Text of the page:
I guess they won't need any state licensing for this new product either.
Flock Expands Into General Surveillance
Flock is building upon its market-disrupting quick deploy LPR cameras (tested), and hundreds of millions in funding, now taking on general surveillance companies ranging from Axis to Verkada.
In this report, IPVM examines the new product announcements and analyzes the positioning and limitations of each, based on feedback direct from Flock and our assessment of the competitive market.
Can you elaborate on why you believe they need licensing here? I understand there are a few states wher video surveillance cloud providers might be required but this is generally more for alarm monitoring companies which Flock is still not. Also almost all of Flock's customers are government agencies not commercial or residential. That noted, I am not an expert in this aspect so be curious to hear more from others.
I was referring to installation of their LPR and this new offering of video cameras. I would suggest that they were mostly law enforcement, but believe the fastest growing portion of their business is commercial or certainly is in our city. The HOA and commercial installations far outweigh the number of units owned by local law enforcement agencies (LEA). LEA did a good job of selling them in many municipalities as IPVM has reported. Feedback we are receiving is that LEA's are starting to realize the actual number of tags captured versus the total number of vehicles that pass the camera, the lack of customer support for hardware issues, and the number of units that aren't working 24/7/365 is starting to become a concern. However, LEA's will still be delighted for non-LEA customers to purchase them and provide access to LEA.
Then this guy will come install!
No joke! This is 100% true.
No uniform, no marked company vehicle, installed on cheap poles that have sway and vibration.
a few states wher video surveillance cloud providers might be required but this is generally more for alarm monitoring companies which Flock is still not.
in my state and many others, the state alarm board controls who can install surveillance as well.
back in my trunk slamming days, I was threatened with a 10K fine when the former state alarm board director saw one of my fliers and called me. even when I presented the same logic that you did above, he said it didn't matter. they win.
In our area Flock uses unlicensed contractors to install. The state requires an alarm license to install any and all parts of video surveillance and LPR.
Additionally, in cities and on projects that require alarm installers be paid prevailing wage and supplemental (~$38-$45/hr. + ~$22-$28/hr.), Flock hires landscaping contractors to skirt around the low voltage/electrical prevailing wage rates and pays them only $18-$22/hr.
Bad business practice to say the least. Any company that adheres to the licensing laws, prevailing wage rates, or union contractor requirements cannot compete.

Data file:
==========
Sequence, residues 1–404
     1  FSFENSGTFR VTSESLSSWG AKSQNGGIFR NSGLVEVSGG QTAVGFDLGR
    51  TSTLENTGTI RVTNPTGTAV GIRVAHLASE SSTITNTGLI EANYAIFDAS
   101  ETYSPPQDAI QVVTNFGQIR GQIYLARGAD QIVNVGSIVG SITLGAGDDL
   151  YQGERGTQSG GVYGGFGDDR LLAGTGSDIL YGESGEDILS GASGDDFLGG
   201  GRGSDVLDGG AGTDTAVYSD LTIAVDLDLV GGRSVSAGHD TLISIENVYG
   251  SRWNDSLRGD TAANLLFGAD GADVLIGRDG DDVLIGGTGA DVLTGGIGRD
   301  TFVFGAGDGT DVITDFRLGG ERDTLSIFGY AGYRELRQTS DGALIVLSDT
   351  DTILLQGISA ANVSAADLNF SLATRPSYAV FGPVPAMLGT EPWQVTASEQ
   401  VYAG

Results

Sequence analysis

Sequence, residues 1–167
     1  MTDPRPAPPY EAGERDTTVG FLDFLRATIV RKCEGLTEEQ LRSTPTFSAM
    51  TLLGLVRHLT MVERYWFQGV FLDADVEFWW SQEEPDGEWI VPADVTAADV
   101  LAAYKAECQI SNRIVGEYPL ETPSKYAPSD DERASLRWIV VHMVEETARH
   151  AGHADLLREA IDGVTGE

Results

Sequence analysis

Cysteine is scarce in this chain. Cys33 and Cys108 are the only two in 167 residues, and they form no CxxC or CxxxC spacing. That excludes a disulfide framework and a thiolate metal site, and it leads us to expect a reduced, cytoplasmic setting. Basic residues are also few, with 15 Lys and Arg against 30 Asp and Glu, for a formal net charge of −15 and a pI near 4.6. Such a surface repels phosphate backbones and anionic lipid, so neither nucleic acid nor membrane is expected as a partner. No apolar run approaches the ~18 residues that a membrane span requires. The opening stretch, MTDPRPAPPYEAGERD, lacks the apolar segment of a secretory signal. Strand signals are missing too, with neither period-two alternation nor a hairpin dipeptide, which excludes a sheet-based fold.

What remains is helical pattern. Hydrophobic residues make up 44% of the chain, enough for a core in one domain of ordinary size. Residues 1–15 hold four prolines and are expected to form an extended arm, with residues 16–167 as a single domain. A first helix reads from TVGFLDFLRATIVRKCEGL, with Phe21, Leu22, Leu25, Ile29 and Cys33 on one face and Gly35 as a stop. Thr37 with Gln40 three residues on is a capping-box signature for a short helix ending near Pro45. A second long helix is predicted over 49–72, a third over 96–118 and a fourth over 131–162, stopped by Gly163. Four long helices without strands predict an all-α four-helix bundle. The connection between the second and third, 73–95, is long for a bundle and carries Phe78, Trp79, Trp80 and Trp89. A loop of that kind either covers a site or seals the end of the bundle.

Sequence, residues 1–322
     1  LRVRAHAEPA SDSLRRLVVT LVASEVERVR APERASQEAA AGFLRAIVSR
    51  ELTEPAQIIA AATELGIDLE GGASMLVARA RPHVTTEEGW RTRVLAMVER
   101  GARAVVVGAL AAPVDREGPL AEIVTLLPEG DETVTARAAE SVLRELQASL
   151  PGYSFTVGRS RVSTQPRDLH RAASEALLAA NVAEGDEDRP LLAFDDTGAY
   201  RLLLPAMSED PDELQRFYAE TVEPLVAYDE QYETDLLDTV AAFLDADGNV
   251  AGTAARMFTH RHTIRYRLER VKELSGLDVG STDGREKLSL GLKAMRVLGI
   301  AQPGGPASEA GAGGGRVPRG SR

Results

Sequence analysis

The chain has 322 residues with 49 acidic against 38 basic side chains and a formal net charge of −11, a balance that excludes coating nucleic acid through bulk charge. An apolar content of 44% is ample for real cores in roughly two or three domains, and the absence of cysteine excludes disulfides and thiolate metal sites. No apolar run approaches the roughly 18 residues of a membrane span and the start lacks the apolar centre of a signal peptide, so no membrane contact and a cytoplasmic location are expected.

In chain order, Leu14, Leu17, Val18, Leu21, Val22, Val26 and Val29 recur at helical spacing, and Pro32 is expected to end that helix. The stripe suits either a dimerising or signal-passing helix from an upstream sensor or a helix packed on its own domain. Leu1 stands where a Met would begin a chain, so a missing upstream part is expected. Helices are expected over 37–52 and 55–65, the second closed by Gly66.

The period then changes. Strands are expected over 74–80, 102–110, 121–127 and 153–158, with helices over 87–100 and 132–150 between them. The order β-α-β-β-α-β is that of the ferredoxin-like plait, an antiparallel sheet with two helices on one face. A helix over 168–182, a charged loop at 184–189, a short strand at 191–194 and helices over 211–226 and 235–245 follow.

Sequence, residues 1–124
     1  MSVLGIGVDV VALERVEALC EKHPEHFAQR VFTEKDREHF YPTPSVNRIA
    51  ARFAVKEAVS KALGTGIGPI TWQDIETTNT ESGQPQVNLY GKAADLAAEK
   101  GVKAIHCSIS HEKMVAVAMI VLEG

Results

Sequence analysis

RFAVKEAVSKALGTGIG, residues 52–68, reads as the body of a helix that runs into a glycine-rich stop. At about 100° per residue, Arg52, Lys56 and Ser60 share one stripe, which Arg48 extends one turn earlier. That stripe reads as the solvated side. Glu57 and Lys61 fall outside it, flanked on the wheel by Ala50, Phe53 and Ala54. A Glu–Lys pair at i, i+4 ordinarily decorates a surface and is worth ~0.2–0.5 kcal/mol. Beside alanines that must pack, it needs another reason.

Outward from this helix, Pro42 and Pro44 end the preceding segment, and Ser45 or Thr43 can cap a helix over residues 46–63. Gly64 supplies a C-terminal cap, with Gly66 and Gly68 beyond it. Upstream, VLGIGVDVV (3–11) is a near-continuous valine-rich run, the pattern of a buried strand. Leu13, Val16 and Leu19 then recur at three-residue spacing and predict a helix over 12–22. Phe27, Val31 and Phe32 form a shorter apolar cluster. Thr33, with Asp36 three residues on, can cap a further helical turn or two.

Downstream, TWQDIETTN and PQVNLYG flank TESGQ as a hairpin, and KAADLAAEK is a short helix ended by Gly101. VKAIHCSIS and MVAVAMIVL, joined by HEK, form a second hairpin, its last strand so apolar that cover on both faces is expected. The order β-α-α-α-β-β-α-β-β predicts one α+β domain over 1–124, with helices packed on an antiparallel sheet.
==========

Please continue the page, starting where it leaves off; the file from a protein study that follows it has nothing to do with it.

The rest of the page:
Any company that adheres to the licensing laws, prevailing wage rates, or union contractor requirements cannot compete.
the obvious answer to this dilemma is enforcement.
the reality is that - apparently - states do not enforce their own laws when it comes to who can install surveillance systems in their own states.
back in the day when ONVIF had no real enforcement arm and every fly-by-night chinese manufacturer claimed ONVIF conformance, I posted a picture of a dummy camera box with an ONVIF Conformant sticker, poking fun at their non-enforcement (Chris Dearing woulda posted a link to it within a few minutes of this post if he was still with us).
if you don't enforce laws, why would those who seek to profit from that non-enforcement stop violating these laws when they are actually profiting by continuing to do so?
There should be a sad face reaction. I would use it in response to your comment. You hit the nail on the head.
Thanks for the feedback. We will ask Flock for a response.
Related, Flock has its own installers and we covered this - Flock Safety In-House Installers are "The Backbone of the Company"
Ask to see copies of their prevailing wage reports for NYS, NJ, and PA for the past year along with their Alarm Licensing.
Yup, they would need a license to install this in some states.
TAA-compliant countries (e.g. Vietnam, Taiwan) or made by someone else.
Is Vietnam TAA compliant? I didnt think it was.
Companies like Flock and Fusus is what turned my previous employer into a "follower" and "catcher-upper" instead of the leaders of innovation that they once were and several others like them with outdated architecture and visons! And all of them want the direct end-user model and no integrator channel.
To clarify, are you PRO integrator channel sales or PRO direct end-user sales?
PRO Integrator! Pro Channel Partner!! NO direct end-user sales! If your company was built on one of the strongest sales partner channels in the world, DO NOT go to direct end-user sales! I will not support any company with direct end-user sales and no partner channel! Strength in partners! I hope that clears it up :-)